The Best Viking Sites and Ruins to Visit

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There's a host of top Viking sites to visit and among the very best are Trelleborg Fortress, the Jorvik Viking Centre and the Viking Museum at Ladby. Other popular sites tend to include Jelling archaeological site, the Viking Ship Museum and L’Anse aux Meadows.

We’ve put together an experts guide to Viking places to explore, with our top ten places to visit as well as a full list of the best Viking sites and ruins to see, which shouldn’t be ignored if you have the time.

What are the best Viking sites, museums and ruins to visit?

1. The Viking Fortress Trelleborg

The Viking fortress at Trelleborg is one of the best preserved of four circular fortresses in Denmark. The collection of circular fortresses in Denmark is believed to date back to the tenth century and would have been heavily defended by an army of warriors led by Harald I, who was the son of Gorm the Old.

In addition to the fortress, visitors can see a large Viking cemetery, a Viking village and a museum housing numerous excavated objects, a museum shop and café. Trelleborg is very child-friendly, with demonstrations, costumed-guides and activities.

2. Jorvik Viking Centre

The Jorvik Viking Centre in York hosts a reconstruction of a Viking city as it would have looked in approximately 975 AD. The reconstruction of the city comes complete with figures representing the Vikings whose likeness is based on skulls found at the site. From market scenes to those showing the Vikings at home and at work, Jorvik recreates the Viking life as it would have been in what is now York.

3. The Viking Museum at Ladby

The Viking Museum at Ladby houses the Ladby Burial Ship, a Viking ship grave found there in 1935. Dating back to around 925 AD, it is believed that the ship is the burial site of a prince or other leader, such as a chieftain. 

Displaying the Ladby Burial Ship amidst a series of other excavation finds, the museum offers an insight into the history of the Vikings and their lives in the area.

4. Jelling

Jelling is an impressive and significant Viking archaeological site containing a series of important tenth century finds. Originally the royal home of the Gorm the Old, Jelling remains a vital part of Denmark’s history, particularly as this Viking king was the first of the royal line which still rules the country today.

Gorm and his son, Harald I Bluetooth, erected several monuments at Jelling, including a pair of enormous grave mounds, which are the largest in Denmark. These are still incredibly well-preserved and can be viewed at the site. Gorm was buried in the larger one, although the second one is not thought to have been used. Runic stones also stand before Jelling Church, which dates back to around 1100. The site has a visitor centre with a series of exhibits telling the story of the monuments.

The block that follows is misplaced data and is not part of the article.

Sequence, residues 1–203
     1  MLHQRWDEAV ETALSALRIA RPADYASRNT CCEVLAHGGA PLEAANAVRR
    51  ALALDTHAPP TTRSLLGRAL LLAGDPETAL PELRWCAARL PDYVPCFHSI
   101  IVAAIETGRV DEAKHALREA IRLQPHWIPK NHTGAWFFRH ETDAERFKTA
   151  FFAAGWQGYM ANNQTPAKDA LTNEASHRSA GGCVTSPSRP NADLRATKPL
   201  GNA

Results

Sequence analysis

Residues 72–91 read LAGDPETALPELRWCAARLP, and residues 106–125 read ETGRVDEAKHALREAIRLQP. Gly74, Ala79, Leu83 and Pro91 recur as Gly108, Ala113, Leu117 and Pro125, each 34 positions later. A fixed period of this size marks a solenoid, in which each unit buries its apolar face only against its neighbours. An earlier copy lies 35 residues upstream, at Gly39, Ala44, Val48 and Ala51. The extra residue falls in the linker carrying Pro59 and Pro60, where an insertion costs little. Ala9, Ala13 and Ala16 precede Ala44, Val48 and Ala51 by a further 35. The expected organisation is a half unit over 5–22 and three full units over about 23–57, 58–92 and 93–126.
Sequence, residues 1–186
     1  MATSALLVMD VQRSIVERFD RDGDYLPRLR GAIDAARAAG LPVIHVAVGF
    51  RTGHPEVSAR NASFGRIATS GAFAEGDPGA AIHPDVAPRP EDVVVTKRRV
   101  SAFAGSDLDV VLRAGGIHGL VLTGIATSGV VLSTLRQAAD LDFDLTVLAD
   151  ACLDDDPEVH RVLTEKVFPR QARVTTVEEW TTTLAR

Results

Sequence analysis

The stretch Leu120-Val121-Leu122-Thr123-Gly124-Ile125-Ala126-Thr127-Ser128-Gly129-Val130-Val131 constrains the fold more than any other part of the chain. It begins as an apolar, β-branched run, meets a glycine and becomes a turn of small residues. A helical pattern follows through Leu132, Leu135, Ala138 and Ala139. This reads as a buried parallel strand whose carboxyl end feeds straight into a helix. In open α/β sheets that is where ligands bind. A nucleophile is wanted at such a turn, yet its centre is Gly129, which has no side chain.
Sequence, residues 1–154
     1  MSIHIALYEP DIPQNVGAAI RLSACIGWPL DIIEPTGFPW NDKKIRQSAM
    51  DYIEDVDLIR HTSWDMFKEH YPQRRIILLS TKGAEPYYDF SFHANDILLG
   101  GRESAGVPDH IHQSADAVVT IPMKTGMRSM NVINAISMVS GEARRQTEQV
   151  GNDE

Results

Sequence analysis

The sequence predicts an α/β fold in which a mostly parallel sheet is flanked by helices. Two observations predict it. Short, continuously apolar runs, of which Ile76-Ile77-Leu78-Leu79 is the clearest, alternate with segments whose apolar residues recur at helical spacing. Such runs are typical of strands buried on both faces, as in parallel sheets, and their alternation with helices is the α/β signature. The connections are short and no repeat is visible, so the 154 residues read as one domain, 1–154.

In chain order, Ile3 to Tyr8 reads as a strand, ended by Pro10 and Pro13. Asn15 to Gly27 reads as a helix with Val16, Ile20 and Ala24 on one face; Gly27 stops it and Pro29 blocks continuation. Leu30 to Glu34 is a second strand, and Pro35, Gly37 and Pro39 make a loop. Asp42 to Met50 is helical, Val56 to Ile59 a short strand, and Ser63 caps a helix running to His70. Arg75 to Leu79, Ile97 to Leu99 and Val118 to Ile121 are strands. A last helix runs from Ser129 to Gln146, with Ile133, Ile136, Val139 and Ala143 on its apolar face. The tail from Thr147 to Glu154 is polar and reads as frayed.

5. The Viking Ship Museum

The Viking Ship Museum displays five Viking vessels and offers an incredible insight into the world of the Viking people and their era of between 800 AD and 1100 AD.

The ships are known as the “Skuldelev Ships” due to the fact that they were found sunk in Skuldelev, a deliberate act by the Vikings to form a barrier – the Peberrende blockade - to enemy vessels. The ships range from a 30 metre long warship known as “wreck 2” to an 11.2 metre fishing boat. Each one has been carefully reconstructed. The museum also has an exhibit telling the story of a Norwegian attack and there are even summer boat trips available for an authentic Viking experience.

6. The Settlement Exhibition

The Settlement Exhibition displays the remains of Iceland’s first known Viking settlement set in its original location in Reykjavik. Visitors to the Settlement Exhibition can see an array of artefacts excavated at the site as well as the stone foundations of a Viking Longhouse.

The site of the Settlement Exhibition dates back to 871AD, while the longhouse is believed to be from the 10th century.

7. L’Anse aux Meadows

L’Anse aux Meadows is the only-known site of Viking settlement in North America, these also being the earliest European visitors to the region.

Today, visitors can tour reconstructions of a trio of reconstructed 11th century wood-framed Viking structures as well as viewing finds from archaeological digs at the interpretative centre.

8. Hedeby Viking Museum